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big broadband

Symposium connects groups and technology; ways to bridge local digital divide

CU-CitizenAccess was at eBlack Champaign-Urbana's Campus-Community Symposium this weekend to cover the discussion between groups and organizations on how to better connect the community and technology.

This two-day symposium aimed to take a step toward bridging the digital divide between underserved residents and available technological resources.
As the Big Broadband project nears construction, groups and organizations are looking at ways to use the super-fast network to benefit those residents who are in the most need of training, employment, education and digital literacy.

Discussion panels ranged from community engagement, social services and technology, education, youth and technology, religious groups and technology and media and technology.

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Extras: Big Broadband

A consortium composed of the cities of Urbana and Champaign and the University of Illinois submitted in August three related proposals to the federal government applying for stimulus funding to improve broadband Internet access in the area.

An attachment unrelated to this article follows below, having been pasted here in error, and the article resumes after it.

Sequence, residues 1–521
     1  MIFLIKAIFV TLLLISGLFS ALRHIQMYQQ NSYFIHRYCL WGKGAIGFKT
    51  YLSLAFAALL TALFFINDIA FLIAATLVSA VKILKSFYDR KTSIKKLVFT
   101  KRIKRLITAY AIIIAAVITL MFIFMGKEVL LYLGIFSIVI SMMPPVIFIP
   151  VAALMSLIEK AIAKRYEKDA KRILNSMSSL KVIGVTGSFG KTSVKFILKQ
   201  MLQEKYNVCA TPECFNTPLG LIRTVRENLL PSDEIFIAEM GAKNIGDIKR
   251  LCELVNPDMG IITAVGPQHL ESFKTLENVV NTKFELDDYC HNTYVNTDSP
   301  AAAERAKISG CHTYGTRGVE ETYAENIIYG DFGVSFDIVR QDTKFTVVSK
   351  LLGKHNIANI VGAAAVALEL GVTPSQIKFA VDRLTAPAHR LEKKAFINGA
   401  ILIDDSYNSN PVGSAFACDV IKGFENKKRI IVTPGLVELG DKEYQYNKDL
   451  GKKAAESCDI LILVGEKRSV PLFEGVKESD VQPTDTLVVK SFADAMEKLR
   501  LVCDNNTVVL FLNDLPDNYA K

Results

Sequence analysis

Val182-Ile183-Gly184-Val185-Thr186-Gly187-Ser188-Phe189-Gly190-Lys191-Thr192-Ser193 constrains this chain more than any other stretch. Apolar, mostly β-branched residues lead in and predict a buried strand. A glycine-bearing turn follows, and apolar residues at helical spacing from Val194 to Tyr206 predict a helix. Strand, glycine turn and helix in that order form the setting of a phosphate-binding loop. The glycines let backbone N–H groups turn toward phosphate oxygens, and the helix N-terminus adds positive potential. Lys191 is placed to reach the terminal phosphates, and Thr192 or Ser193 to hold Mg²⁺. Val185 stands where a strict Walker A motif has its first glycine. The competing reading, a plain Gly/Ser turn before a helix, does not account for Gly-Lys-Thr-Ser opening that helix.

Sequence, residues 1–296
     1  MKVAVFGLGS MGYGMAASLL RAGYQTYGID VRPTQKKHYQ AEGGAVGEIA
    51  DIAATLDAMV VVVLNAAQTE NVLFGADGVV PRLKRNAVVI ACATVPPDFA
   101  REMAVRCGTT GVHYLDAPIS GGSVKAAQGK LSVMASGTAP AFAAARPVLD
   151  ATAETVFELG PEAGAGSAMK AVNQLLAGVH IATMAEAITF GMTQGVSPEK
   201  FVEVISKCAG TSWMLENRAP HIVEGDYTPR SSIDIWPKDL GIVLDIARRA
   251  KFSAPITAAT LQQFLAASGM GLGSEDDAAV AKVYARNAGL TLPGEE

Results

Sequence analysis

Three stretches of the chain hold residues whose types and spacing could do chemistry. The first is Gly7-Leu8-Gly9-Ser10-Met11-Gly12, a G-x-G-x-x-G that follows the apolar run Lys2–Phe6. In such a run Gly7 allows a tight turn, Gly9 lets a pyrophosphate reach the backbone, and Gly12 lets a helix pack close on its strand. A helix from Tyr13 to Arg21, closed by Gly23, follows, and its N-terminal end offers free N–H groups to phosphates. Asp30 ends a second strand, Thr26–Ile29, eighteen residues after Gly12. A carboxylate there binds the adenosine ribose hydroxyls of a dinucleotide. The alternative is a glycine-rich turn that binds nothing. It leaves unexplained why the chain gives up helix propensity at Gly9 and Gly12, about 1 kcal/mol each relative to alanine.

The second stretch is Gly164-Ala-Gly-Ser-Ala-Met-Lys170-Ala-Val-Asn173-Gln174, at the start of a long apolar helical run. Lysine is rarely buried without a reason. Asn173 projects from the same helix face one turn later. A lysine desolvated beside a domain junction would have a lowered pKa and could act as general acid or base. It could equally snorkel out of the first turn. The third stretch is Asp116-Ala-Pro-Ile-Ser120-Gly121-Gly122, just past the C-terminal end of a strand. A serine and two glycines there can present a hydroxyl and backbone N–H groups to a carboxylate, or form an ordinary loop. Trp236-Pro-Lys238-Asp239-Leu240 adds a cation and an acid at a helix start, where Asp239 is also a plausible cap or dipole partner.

But why does Urbana-Champaign need “big broadband” Internet service in the first place? How will the proposed network connect homes and community institutions? How will this network be paid for and governed? How does the technology work and what does this all mean?

Marie Wilson/ Sheila Miller loads one end of a fiber into an arc fusion splicer, which heats and connects the strands. Splicing 12 strands, the number in a normal cable, takes about three hours, she said.
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